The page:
At the age of 75, men should stop getting screened for prostate cancer, according to new recommendations from a government task force. The
group reported finding evidence that the benefits of treatment based on routine screening of this age group "are small to none"
Those potential benefits are far outweighed by the possible anxiety, unnecessary surgery, and harmful side effects that elderly men can experience if the screening finds early-stage prostate cancer and the patient chooses to treat it.
Most oncologists already argue against treating most men in that age group for prostate cancer because they are more likely to die from some other cause than from their tumor [Los Angeles Times].
Prostate cancer often progresses slowly, and doctors say it can take 10 years before a patient begins to show symptoms. Many doctors now advocate a "watchful waiting" approach when prostate cancer is detected, instead of aggressive treatment that can cause impotence, incontinence, and bowel problems. The new guidelines, published in the Annals of Internal Medicine, may change a doctor's office ritual for elderly men. Prostate screening involves a simple blood test to check for prostate-specific antigen, or PSA. Many doctors find it easier just to do a PSA test than take the time to explain the pros and cons to a patient. Patients themselves, many accustomed since their late 40s or early 50s to getting tested, aren’t always comfortable with the idea of stopping the screening once they reach older age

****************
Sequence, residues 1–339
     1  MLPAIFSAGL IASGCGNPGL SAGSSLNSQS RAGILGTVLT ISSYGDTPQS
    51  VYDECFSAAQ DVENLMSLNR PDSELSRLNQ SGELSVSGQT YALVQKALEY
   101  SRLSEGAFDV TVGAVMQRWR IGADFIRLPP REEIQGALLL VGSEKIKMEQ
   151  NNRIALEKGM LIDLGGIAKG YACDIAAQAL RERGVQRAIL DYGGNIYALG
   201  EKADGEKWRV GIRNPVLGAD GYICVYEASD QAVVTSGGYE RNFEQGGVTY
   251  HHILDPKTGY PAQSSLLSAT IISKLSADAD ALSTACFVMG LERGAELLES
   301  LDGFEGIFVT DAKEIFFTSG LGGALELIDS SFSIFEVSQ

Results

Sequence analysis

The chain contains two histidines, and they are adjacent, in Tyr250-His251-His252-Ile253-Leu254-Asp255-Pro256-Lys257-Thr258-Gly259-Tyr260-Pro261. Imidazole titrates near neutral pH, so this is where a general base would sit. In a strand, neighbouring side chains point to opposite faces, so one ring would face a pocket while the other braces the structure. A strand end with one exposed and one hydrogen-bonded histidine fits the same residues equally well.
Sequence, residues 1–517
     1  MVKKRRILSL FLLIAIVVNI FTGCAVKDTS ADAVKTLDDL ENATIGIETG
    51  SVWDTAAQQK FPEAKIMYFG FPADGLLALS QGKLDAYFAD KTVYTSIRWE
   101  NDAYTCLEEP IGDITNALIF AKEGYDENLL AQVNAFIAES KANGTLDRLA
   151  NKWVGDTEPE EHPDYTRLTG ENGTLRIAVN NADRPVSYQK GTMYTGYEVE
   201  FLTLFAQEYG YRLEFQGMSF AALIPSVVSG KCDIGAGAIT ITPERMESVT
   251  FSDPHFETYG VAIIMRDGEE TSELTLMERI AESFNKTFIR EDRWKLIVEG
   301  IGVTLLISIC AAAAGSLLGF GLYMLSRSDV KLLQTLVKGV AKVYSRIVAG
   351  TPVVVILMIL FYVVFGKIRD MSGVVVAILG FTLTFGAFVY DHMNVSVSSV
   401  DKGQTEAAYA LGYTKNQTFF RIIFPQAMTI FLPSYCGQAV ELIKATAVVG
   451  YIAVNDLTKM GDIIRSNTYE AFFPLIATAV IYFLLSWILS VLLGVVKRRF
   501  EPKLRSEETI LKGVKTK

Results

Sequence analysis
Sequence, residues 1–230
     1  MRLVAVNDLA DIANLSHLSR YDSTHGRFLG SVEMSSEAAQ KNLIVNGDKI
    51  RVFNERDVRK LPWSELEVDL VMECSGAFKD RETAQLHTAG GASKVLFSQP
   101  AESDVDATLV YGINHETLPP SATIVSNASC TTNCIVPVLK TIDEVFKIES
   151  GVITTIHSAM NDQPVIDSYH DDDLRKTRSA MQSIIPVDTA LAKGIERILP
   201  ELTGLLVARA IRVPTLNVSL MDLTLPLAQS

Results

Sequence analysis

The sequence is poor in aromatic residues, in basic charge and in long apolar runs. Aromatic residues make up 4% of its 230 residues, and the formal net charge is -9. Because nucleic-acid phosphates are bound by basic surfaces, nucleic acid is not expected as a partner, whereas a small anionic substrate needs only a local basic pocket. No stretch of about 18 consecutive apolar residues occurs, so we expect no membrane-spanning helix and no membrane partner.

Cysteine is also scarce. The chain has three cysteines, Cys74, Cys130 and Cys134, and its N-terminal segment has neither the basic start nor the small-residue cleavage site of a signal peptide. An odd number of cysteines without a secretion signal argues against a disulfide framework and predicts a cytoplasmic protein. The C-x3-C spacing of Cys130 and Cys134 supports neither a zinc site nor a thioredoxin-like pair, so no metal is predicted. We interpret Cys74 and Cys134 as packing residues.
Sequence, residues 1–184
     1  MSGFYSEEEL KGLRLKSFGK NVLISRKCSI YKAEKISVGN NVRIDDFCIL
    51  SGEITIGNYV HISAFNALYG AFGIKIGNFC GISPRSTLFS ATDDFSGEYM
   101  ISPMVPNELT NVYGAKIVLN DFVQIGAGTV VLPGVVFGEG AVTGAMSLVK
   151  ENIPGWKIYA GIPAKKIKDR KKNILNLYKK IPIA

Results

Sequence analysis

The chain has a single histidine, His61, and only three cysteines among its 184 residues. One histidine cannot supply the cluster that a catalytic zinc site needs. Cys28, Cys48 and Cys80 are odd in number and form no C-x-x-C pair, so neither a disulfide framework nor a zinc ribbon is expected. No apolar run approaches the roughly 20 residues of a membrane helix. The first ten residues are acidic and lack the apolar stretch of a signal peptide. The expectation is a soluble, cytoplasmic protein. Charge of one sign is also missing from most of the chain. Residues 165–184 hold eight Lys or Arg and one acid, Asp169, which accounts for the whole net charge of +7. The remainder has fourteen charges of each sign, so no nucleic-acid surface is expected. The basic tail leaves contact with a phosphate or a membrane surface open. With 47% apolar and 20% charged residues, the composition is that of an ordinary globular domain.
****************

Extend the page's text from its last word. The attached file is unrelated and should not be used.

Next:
. But some doctors take issue with the recommendations and argue that with medical technology improving all the time, 75-year-olds can have many productive years ahead of them and should be more protective of their health.
"I think they're really missing the boat," said William J. Catalona, a professor of urology at Northwestern University. "It's a disservice to patients. A lot of men die from prostate cancer, and there's just an overwhelming amount of evidence that screening saves lives" [The Washington Post].
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